HMCS ChicoutimiHer Majesty’s Canadian Submarine (HMCS) Chicoutimi is under tow to Ogden Point, near Victoria Harbour today, where it is expected to conduct a camber dive.

This is a key moment in the submarine’s Extended Docking Work Period, begun in 2010 as the first ever performed by industry under the Victoria In-service Support Contract.

The camber dive is also a key early stepping stone in Chicoutimi’s return to the fleet, expected later this year, as it advances through an exhaustive test and trial program.

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Navy delays submarine commissioning, says more work needed

USS North DakotaThe Navy on Wednesday said it would delay the commissioning of the North Dakota, a new Virginia-class submarine that was due to enter active service on May 31, to carry out more design work and resolve quality problems with certain components.

The submarine, built jointly by General Dynamics Corp and Huntington Ingalls Industries, is returning to drydock for the additional work, according to the submarine's Facebook site. It said no new commissioning date had been set.

Colleen O'Rourke, spokeswoman for Naval Sea Systems Command, said the Navy decided to delay the commissioning because the ship needed additional design and certification work on its redesigned bow, and because of "material issues" with certain vendor-assembled and delivered components.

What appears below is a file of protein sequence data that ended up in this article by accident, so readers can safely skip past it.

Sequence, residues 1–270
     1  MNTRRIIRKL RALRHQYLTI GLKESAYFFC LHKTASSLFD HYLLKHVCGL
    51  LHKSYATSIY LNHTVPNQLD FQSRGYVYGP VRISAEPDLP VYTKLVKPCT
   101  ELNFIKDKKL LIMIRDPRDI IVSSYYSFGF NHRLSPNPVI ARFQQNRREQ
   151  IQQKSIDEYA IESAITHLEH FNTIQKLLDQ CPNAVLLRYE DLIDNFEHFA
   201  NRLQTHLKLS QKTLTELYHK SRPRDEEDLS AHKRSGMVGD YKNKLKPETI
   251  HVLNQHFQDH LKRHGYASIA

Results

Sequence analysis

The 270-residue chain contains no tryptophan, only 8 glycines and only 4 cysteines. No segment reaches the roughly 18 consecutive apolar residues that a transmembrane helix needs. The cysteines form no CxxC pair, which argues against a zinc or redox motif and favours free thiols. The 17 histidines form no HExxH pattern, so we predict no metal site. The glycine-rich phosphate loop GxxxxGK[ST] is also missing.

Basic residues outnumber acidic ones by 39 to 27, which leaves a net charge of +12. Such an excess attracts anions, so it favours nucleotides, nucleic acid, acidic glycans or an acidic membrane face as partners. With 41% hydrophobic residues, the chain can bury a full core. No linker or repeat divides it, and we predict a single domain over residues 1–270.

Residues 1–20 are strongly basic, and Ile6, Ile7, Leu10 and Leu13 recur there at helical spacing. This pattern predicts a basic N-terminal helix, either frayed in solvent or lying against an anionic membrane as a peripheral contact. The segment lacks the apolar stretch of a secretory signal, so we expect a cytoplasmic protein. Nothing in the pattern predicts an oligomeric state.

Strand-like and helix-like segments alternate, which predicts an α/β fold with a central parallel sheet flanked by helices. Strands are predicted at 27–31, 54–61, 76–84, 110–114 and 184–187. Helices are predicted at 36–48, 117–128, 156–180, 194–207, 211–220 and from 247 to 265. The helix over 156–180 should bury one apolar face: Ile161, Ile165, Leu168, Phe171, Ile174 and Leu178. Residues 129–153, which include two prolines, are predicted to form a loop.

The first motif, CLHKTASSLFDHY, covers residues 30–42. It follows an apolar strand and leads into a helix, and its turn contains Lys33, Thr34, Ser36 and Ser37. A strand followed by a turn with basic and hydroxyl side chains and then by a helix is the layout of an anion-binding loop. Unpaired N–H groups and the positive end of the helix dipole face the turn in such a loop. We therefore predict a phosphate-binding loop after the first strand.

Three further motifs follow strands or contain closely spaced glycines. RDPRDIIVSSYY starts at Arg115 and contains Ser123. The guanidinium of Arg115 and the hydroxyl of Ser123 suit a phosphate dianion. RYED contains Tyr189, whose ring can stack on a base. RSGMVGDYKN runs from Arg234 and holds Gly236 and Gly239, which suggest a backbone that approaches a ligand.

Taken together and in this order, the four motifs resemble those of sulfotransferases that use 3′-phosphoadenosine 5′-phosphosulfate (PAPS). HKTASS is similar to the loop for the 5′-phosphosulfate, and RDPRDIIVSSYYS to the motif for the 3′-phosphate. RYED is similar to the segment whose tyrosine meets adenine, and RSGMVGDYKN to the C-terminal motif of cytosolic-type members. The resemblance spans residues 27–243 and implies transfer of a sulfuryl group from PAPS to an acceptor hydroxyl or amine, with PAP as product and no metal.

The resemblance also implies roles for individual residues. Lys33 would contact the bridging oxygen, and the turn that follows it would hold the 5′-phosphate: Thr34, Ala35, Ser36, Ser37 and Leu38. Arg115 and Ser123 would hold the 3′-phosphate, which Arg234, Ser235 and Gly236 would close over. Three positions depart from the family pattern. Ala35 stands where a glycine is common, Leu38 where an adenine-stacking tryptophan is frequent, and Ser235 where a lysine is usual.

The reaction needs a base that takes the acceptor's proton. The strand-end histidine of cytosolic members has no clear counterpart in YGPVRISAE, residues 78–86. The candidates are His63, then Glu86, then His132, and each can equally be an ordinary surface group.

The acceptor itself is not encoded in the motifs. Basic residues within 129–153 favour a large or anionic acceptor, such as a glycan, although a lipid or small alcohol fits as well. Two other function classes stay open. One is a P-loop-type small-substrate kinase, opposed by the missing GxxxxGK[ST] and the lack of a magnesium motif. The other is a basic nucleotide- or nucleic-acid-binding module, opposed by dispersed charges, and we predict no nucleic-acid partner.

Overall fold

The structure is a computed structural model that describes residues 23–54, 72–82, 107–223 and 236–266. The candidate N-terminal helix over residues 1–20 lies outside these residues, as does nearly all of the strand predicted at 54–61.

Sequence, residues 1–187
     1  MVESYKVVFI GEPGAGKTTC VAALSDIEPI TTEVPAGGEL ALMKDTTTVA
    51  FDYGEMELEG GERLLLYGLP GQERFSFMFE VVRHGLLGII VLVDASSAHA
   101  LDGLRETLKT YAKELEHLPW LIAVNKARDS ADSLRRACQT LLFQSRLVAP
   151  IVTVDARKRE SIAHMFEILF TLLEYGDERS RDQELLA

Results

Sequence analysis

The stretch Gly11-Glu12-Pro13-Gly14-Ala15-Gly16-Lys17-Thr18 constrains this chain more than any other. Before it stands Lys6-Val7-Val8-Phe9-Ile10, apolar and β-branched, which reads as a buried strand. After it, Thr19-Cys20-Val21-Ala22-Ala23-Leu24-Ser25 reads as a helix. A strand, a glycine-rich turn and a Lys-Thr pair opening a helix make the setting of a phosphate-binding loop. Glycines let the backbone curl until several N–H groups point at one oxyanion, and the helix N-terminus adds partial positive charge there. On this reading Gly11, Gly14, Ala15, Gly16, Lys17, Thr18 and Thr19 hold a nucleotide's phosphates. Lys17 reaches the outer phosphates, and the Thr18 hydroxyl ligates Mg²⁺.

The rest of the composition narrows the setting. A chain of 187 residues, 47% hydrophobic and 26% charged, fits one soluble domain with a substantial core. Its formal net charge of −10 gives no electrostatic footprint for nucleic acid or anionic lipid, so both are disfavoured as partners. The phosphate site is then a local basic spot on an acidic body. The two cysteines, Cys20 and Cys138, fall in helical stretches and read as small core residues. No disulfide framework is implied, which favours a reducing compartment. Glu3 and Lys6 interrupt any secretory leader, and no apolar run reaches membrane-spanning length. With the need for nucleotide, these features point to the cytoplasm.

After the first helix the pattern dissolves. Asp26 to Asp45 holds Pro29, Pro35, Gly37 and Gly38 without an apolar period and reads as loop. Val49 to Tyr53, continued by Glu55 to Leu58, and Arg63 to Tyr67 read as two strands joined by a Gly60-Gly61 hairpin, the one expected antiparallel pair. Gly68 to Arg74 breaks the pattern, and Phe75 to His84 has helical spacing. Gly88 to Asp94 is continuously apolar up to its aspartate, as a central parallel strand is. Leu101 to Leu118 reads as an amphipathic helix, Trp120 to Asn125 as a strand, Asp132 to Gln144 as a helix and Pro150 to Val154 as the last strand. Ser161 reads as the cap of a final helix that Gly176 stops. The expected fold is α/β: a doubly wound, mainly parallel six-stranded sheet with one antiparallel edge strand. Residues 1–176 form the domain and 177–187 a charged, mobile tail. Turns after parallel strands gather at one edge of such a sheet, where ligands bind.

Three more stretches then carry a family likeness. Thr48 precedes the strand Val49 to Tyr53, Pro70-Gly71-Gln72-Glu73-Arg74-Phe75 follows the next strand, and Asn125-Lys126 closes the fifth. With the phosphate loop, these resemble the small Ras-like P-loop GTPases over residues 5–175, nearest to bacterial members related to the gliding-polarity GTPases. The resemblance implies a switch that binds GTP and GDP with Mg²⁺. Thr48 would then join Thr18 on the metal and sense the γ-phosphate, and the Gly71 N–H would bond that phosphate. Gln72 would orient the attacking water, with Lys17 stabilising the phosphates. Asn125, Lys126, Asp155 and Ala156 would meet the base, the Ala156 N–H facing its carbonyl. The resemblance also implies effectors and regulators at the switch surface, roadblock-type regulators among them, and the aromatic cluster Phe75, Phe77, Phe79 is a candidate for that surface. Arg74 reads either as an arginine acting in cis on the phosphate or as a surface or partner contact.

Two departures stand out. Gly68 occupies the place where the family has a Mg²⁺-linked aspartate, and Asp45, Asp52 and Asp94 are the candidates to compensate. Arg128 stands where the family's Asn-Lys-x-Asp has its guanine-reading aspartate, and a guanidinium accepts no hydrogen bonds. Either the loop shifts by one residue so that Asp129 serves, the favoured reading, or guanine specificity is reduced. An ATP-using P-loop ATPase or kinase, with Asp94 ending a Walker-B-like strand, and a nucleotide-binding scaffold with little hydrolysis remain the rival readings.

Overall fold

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North Sea Boats (PT. Lundin) and SAAB working on an improved 63m FMPV Trimaran

SAAB booth during DSA 2014At DSA 2014, the 14th Defence Services Asia Exhibition and Conference currently held in Kuala Lumpur (Malaysia), Indonesian shipyard North Sea Boats (PT. Lundin) and SAAB are showing an updated model of the 63m FMPV Trimaran design ordered by the Indonesian Navy.

Talking to Navy Recognition during DSA 2014, a SAAB representative explained that the Swedish company is planning to fit its new Sea Giraffe 1X 3D radar higher up in the mast for better radar coverage and less limitation because of the curvature of the Earth.

This is possible because the new radar is only 150 kilograms. This explains the quite unique shape of the newly designed mast onboard the FMPV (Fast Missile Patrol Vessel) Trimaran. The mast would integrate the radar, the ESM and the communication systems.